The first fan fiction I ever wrote was inspired by Buffy the Vampire Slayer, the television series created by Joss Whedon about a blonde superhero who turns the tables by killing vampires instead of being killed by them. Then, having seen every episode of the series, I wanted something more but wasn’t sure what.
I bought an Xbox 360 solely for the purpose of playing the Buffy the Vampire Slayer video game. As my partner’s grandson can attest, I am usually incapable of keeping an avatar alive for more than thirty seconds, but I managed to keep Buffy’s avatar alive through the first level of the game. Buffy was victorious in her first few encounters with individual vampires. In the second level, however, multiple vampires ganged up on her, and she was eventually slain.
I knew that if I started the game over, Buffy would return for another attempt, but instead I began thinking about the scenario I had inadvertently created. How would Buffy’s death affect the other characters, and how would it play out in the “Buffyverse” where, after all, the dead do not always stay dead? It took me a few weeks to write a novella entitled The Sunnydale High Massacre and, subsequently, a somewhat less focused sequel called End of (School) Days. The two novellas together became a sort of novel, which I gave the not entirely satisfactory title Reversal of Fortunes.
I learned a lot about storytelling from fan fiction. Through reading others’ fan fictions, I found out what I did not want to do: Wordy descriptions and characters that are extremely self-reflective. I aimed for a no frills approach, as if I were writing a screenplay in which there would be no internal dialogue, just a description of what an audience would see, along with the dialogue that they would hear.
Because fan fiction is essentially self-published, there is a sometimes overwhelming temptation to make exceptions and I have to admit to the occasional bout of self indulgence. In The Sunnydale High Massacre, I indulged myself, for example, by having nerdy high schoolers Oz and Willow discuss a class assignment because I am a nerd myself and their topic interested me. But I knew that readers have short attention spans. If they are turned off by even a brief digression, they might stop reading and miss the fight between a vampire and a werewolf later in the chapter.
Fan fiction began in fanzines, but in the age of the internet it has gone digital. In the 2000s, I initially uploaded my stories to one fan fiction site and was well chuffed when I was tapped by the curator of another site that was invitation-only. Eventually, both of those sites dropped off the internet, but I later discovered www.fanfiction.net where I set up an account and uploaded my old stories.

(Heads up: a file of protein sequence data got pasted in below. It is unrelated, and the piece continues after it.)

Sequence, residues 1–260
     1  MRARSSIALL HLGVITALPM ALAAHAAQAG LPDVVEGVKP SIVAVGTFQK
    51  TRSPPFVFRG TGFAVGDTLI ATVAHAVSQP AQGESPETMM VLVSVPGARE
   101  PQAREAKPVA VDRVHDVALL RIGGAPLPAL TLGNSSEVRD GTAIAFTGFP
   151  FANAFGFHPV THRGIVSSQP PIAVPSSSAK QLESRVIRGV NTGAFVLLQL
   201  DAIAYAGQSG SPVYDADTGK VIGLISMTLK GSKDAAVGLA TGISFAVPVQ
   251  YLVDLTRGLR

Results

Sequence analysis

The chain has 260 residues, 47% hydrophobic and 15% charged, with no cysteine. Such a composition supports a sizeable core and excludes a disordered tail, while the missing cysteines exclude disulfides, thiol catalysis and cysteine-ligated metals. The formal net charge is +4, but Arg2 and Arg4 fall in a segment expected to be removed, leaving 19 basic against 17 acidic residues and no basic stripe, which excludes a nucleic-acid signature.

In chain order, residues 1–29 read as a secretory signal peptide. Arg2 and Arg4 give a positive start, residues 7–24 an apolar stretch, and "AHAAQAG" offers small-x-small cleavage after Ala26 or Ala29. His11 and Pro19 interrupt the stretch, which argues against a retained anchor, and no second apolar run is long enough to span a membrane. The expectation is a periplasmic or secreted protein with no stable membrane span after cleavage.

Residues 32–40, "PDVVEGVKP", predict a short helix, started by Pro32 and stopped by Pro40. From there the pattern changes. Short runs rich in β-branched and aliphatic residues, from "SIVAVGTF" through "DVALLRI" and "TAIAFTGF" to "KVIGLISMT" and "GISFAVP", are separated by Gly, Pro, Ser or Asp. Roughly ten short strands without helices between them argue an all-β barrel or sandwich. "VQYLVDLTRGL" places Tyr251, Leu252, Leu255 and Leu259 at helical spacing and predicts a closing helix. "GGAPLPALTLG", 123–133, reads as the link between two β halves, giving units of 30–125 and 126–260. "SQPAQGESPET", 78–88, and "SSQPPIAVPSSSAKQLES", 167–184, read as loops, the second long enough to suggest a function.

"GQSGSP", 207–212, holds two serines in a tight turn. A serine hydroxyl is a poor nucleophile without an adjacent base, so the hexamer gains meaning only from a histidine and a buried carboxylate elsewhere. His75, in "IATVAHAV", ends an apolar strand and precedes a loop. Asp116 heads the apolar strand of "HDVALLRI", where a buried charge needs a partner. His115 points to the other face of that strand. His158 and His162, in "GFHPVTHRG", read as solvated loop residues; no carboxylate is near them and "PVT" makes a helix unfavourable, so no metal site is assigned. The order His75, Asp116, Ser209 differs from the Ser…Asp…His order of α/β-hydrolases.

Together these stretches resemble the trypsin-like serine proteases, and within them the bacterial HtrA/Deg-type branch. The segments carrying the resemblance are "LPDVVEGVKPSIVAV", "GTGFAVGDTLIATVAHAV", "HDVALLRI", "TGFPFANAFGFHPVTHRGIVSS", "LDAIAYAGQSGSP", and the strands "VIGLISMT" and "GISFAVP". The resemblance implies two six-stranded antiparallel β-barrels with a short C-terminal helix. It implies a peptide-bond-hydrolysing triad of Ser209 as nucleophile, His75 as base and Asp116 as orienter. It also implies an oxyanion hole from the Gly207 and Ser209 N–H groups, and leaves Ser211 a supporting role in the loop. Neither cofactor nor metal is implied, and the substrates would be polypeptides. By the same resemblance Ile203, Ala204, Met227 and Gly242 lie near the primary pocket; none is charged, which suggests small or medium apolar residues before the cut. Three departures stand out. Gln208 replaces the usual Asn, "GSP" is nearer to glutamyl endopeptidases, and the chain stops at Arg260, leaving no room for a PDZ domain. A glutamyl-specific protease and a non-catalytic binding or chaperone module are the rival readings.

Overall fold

Fanfiction.net provides statistics on how many people over the course of a month read each story, as well as how many read each chapter if there are multiple chapters. (It also tells what countries readers are from.) Some months go by without most of my stories getting a single read, but my two Buffy the Vampire Slayer stories always get hits, if only a few. That may be due less to their merits and more because of the popularity of Buffy. The most popular franchises among fans are Star Trek and Star Wars with Buffy the Vampire Slayer slightly less popular but still competitive.
I later wrote a short story based on the Bob Newhart Show, the 1970s sitcom in which Newhart plays a psychologist. My inspiration was simply that I had a funny idea that I thought would work within the Newhart premise. Only one person read my story, and she asked me to read her Bob Newhart fan fiction. I was surprised that her story was more melancholy than funny. Like many fan fiction writers, she was more interested in the relationships between characters, even fanning romances that were never developed in the original series. The trouble for both of us, perhaps, is that few readers feel invested enough in Bob Newhart to read either of our fan fictions.
If there is an unfair stereotype about fan fiction, it is that it is entirely about sex. Soft and hardcore pornographic subgenres exist within fan fiction, although fanfiction.net discourages hardcore material. Lodging my tongue firmly in cheek, I did write a short story in this vein entitled When Sam Met Joel, based on The Maltese Falcon, but it is just one among the dozen—often experimental—fan fictions I have written.
I last wrote a new fan fiction in the middle of 2017 and, before that, not since late 2015. I don’t know whether I will be writing any more. Occasionally, I look at my statistics on fanfiction.net. Once again, High School Massacre was the most popular story in February with fourteen readers, including nine from Russia. I do not want to speculate what that’s about.
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